13 of 13 people found the following review helpful
5.0 out of 5 stars
Stephenson Dazzles Again!, Sept. 30 2008
There is something really wonderful about picking up a new book
that's over 900 pages long and every one of them is worth reading slowly
- no skimming ahead - really reading and enjoying every word. Neal
Stephenson's new book is a masterpiece-and boy can I see a movie in this!
It has great writing, a fantastic creation of a world like ours yet not,
set in a future that is not very pretty - the secular world is a
post apocalyptic landscape wasted by years and years of war,
pollution, and rise and fall of societies, resulting in a general population
that lives to consume the latest in gadgets, fast food and entertainment.
There is another society, behind concent (or convent/monastic)
walls where the inhabitants are devoted to knowledge - to slowly and
carefully thinking through the big philosophical, mathematical and
scientific ideas, for both the preservation of their own society, but also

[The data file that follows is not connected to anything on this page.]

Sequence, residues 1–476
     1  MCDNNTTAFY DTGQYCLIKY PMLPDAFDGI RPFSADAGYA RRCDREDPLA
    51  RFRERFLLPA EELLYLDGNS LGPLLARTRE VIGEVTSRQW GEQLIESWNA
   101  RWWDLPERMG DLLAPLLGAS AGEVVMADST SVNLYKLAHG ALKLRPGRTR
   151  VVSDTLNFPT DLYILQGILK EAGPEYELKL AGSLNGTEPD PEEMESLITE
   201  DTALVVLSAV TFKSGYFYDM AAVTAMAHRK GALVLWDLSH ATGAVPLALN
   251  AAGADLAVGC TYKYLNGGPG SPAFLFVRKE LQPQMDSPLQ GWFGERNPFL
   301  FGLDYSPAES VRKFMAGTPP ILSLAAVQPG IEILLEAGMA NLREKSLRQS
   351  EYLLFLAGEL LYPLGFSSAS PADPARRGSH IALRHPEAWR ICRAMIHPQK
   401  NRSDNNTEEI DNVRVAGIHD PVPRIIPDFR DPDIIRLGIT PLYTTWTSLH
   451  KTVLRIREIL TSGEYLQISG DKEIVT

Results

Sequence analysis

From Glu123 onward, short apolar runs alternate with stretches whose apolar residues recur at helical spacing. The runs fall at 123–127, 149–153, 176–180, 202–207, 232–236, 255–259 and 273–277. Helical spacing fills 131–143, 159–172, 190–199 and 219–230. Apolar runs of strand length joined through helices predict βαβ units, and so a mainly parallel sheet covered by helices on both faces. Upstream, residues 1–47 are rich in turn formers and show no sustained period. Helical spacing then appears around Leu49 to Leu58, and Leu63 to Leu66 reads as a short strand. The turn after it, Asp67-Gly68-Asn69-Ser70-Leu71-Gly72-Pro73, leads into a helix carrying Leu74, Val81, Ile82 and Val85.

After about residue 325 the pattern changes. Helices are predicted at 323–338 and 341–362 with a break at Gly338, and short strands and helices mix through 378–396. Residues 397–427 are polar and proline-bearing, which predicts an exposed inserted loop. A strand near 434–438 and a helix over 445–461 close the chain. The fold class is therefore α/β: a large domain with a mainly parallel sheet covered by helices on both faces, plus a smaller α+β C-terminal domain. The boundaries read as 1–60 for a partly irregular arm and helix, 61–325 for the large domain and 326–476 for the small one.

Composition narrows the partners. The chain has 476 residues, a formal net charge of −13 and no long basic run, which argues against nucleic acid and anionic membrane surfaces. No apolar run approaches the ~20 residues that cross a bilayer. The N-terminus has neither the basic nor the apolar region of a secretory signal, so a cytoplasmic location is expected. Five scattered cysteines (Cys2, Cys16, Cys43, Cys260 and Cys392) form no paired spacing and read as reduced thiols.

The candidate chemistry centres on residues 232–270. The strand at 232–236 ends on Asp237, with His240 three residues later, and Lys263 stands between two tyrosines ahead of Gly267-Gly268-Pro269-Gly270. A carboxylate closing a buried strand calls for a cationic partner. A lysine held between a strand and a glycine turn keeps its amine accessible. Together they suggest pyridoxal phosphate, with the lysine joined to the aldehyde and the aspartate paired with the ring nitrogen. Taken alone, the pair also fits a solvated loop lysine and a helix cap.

for the good of the outside world. In fact their society is allowed to
exist for this purpose. Yet they are viewed with suspicion by the world
outside their walls. What are they doing in there? They dress funny, they
speak funny and they just must be up to something. But enter an alien
threat to the secular world and these scholars are drafted into whatever
fight may come.
Our protagonist Fra Erasmus is 19 years old, and the story is
told from his point of view - which is truly wonderful. He's a teenager,
but he's also part of that scholarly world of ideas and these combine to
make a smart, older than his years,witty, engaging character whose
heroic journey makes a riveting read. One of my favourite lines, comes
when Erasmus or Raz as he's known to his friends, tries to sum up what
he is about to face. His sister Cord, who is from the secular world but
who is joining him to face whatever comes asks him what she can do to
help. Raz tells her, "Our opponent is an alien starship packed with
atomic bombs...We have a protractor." "OK" she replies, "I'll go home and see if
I can scrounge up a ruler and a piece of string."
Funny, and this book is funny as well as packed with great ideas
about what it means to exist, to be human, to think, and also about
quality of life. It's a timely book. We're facing the realities of global
warming, a world in which everthing fast is good. But the backlash has
begun and people are starting to think about what happens to our planet if
we don't stop, slow down and do more than just smell the roses.